Examining the Recall Election of Gov. Gavin Newsom
September 20, 2021
On Sept. 14, California voters will have the opportunity to decide whether or not to keep Gov. Gavin Newsom in office, through the state’s recall election.
The recall election, which is a process that is designed to put more power in the hands of voters by allowing them to remove an elected official from office before the end of their term, has been part of California’s political system since 1911.
There has only been one successful recall attempt of the state’s governor, which occurred in 2003 with then-Gov. Gray Davis. Similar to the current recall attempt, the 2003 gubernatorial recall happened during a time of economic instability. Davis was removed from office with 55% of the vote and was replaced by actor and bodybuilder, Arnold Schwarzenegger. This was the first successful recall of a California governor and only the second recall of a state governor in U.S. history.
How did we get here?
Right before the pandemic crippled the United States, a group of grass-roots conservatives began a recall attempt against Newsom, claiming that Californians suffer the highest taxes in the country, the highest homelessness rates, the highest food and gas prices, and experience the lowest quality of life. In addition, Californians are under constant threat of wildfires and water rationing because of the long-standing droughts that have plagued the state.
It’s no secret that Republicans in California have not been fond of Newsom since he entered office in 2018, winning with 61% of the popular vote. He is a wealthy progressive from San Francisco who has close ties to Silicon Valley and once had familial connections to House Speaker Nancy Pelosi.
The recall attempt was barely on anyone’s radar for most of 2020. In fact, Newsom’s approval ratings were upwards of 64% during the pandemic, according to a poll in September 2020, but this number has been declining ever since the French Laundry situation.
In November, Newsom was caught violating his own indoor gathering health policy. He was seen attending a maskless indoor birthday party with top lobbyists – two of whom were from the California Medical Association – at one of the most exclusive and lavish restaurants in Napa Valley, the French Laundry.
“It feeds into everything Californians already thought about him,” said Loyola University law professor Jessica Levinson to the Los Angeles Times. “That he’s an elitist, he’s out of touch, he’s hypocritical.”
As soon as this scandal broke, small business owners and public school parents, who were already displeased with Newsom’s stay-at-home orders, were enraged at the governor’s hypocrisy and joined the recall bandwagon, which gained more attention and traction.
Besides Newsom’s handling of the pandemic, recall supporters are dissatisfied with the serious homeless problem California faces. The state’s homeless population has increased 24.3% from 2018 to 2020, according to data from the U.S. Department of Housing and Urban Development.
Recall supporters also criticize the mishandling of $11 billion in fraudulent unemployment claims that were paid out through the federally-supported Pandemic Unemployment Assistance program, which was designed to provide benefits to people during the pandemic who are usually ineligible to receive them, as independent contractors.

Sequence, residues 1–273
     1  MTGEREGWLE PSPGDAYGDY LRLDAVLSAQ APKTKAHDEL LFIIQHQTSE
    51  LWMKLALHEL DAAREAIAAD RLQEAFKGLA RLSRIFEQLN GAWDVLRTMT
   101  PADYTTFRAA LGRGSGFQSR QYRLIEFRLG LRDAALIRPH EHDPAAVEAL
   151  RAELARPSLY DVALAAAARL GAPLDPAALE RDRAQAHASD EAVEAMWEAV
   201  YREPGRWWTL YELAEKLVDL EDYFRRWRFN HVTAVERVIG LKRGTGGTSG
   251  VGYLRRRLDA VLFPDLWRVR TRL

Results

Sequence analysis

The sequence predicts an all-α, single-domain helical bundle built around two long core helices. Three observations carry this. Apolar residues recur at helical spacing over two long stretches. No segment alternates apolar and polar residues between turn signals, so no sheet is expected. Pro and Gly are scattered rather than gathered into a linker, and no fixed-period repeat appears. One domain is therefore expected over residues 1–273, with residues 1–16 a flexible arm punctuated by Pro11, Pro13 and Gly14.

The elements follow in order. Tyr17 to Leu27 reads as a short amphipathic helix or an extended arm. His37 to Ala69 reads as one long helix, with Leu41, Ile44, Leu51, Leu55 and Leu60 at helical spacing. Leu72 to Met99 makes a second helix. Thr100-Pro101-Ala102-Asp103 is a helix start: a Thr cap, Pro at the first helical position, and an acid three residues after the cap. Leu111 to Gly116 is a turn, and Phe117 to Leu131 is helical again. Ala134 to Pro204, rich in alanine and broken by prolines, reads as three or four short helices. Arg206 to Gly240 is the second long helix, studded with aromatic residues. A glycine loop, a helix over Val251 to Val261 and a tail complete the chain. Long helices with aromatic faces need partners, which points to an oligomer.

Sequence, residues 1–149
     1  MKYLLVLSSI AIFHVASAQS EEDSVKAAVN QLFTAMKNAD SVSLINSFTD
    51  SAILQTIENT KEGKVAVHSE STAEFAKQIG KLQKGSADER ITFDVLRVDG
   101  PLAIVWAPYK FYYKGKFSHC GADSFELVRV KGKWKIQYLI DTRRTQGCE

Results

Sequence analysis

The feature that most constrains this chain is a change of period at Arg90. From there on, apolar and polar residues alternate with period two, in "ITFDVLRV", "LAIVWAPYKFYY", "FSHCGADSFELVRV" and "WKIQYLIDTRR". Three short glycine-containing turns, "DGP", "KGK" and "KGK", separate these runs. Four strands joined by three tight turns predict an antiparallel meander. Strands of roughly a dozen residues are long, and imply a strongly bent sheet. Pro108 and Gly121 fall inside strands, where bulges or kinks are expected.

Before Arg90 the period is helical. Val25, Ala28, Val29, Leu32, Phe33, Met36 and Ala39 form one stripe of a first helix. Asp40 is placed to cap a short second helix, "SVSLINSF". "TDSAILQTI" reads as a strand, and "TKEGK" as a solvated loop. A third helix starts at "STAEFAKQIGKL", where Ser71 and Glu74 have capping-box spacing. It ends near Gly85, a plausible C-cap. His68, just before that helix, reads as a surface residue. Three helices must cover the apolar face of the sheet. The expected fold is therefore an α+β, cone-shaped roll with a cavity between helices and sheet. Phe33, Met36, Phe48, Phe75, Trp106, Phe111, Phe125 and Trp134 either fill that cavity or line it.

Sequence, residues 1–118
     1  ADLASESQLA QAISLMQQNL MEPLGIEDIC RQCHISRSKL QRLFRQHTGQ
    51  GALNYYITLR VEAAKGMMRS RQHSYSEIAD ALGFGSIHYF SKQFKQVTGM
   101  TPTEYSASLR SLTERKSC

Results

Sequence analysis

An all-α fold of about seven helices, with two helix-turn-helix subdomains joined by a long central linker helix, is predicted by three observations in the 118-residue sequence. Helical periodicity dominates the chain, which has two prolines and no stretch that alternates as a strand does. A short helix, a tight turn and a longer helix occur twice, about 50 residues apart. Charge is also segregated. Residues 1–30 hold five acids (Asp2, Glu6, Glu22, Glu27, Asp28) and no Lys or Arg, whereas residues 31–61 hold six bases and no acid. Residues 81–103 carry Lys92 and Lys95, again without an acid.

This issue is worsened by more than 200,000 backlogged unemployment claims from 2020 that the Employment Development Department is still trying to tackle.
This perfect storm of events paved the way for the recall supporters to gather the 1.7 million signatures needed to recall Gov. Gavin Newsom.
What will it mean for California if the recall is successful?
If the majority of California voters select “Yes,” to remove Newsom from office, a replacement candidate who received the highest number of votes will be elected to office for the remainder of the current term, which ends in January 2023.
According to Newsom, the unwarranted recall is “an attempt by national Republicans and Trump supporters to force an election and grab power in California.”
More than 40 candidates have entered the recall election to replace Newsom. The most notable candidate is Libertarian radio host Larry Elder, who vows to end Newsom’s COVID-19 mask and vaccine mandates. Elder states on his campaign website that “vaccines are effective” and he encourages them, but said that “Californians who assume the risk of not wearing a mask or not getting vaccinated should not be forced to do so.” Newsom claims that Elder’s COVID-19 plan is similar to the plans adopted in Texas, Florida and Mississippi.
Other leading Republicans include former San Diego Mayor Kevin Faulconer and Republican gubernatorial nominee John Cox, who was defeated by Newsom in 2018. Both candidates said people should get vaccinated if they would like but said the government should not force people to do so.
Newsom says if he’s replaced by one of the Republicans attempting to dethrone him, then COVID-19 cases will rise and so will deaths.
Proponents against the recall state that this election is a waste of California tax dollars. According to the California Department of Finance, the cost of the recall will be around $276 million, which equals to $7 for each Californian.
If the recall succeeds and a Republican becomes governor, it’s unclear what the impact would be on California. It’s safe to say they will most likely not have it easy, considering the Democratic party controls every statewide office and dominates Congress and the Legislature. While state governors have a lot of power, they’re only as powerful if they have the backing of the Legislature.
Polls suggest more California voters oppose the recall than support it, with 58% of the state’s voters wanting Newsom to stay in office and only 39% wanting him gone.
With the election right around the corner, anything can happen and nothing is for certain.